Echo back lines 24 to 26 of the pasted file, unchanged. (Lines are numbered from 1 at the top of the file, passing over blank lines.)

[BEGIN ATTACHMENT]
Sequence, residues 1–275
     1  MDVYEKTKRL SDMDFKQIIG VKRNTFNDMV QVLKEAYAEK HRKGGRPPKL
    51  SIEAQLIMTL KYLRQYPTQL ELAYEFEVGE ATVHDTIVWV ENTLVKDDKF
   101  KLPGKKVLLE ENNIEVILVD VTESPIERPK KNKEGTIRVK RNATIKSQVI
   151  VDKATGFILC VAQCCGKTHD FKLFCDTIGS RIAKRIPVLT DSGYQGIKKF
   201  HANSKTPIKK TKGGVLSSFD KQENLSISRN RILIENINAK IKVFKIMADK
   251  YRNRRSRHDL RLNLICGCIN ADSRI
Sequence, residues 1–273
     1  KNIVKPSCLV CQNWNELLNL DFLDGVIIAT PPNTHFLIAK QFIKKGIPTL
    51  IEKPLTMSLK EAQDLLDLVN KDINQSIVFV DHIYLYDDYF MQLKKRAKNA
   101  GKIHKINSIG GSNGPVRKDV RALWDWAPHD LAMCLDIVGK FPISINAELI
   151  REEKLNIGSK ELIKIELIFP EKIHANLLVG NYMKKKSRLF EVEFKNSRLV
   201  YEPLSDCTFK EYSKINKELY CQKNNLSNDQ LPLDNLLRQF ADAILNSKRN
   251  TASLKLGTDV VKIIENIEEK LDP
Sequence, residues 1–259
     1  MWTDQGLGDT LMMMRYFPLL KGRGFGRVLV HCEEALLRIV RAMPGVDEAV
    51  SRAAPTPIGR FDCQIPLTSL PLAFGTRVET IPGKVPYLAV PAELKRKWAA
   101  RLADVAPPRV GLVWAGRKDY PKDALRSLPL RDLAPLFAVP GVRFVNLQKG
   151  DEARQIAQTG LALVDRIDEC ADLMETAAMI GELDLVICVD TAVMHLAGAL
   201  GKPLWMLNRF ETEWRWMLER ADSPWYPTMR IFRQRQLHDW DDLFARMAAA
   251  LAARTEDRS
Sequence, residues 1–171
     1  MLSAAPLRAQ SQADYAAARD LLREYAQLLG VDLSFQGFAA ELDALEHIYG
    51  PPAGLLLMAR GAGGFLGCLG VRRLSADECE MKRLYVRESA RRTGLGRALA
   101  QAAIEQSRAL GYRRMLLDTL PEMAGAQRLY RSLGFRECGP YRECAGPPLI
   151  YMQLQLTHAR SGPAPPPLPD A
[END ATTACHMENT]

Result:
    51  PPAGLLLMAR GAGGFLGCLG VRRLSADECE MKRLYVRESA RRTGLGRALA
   101  QAAIEQSRAL GYRRMLLDTL PEMAGAQRLY RSLGFRECGP YRECAGPPLI
   151  YMQLQLTHAR SGPAPPPLPD A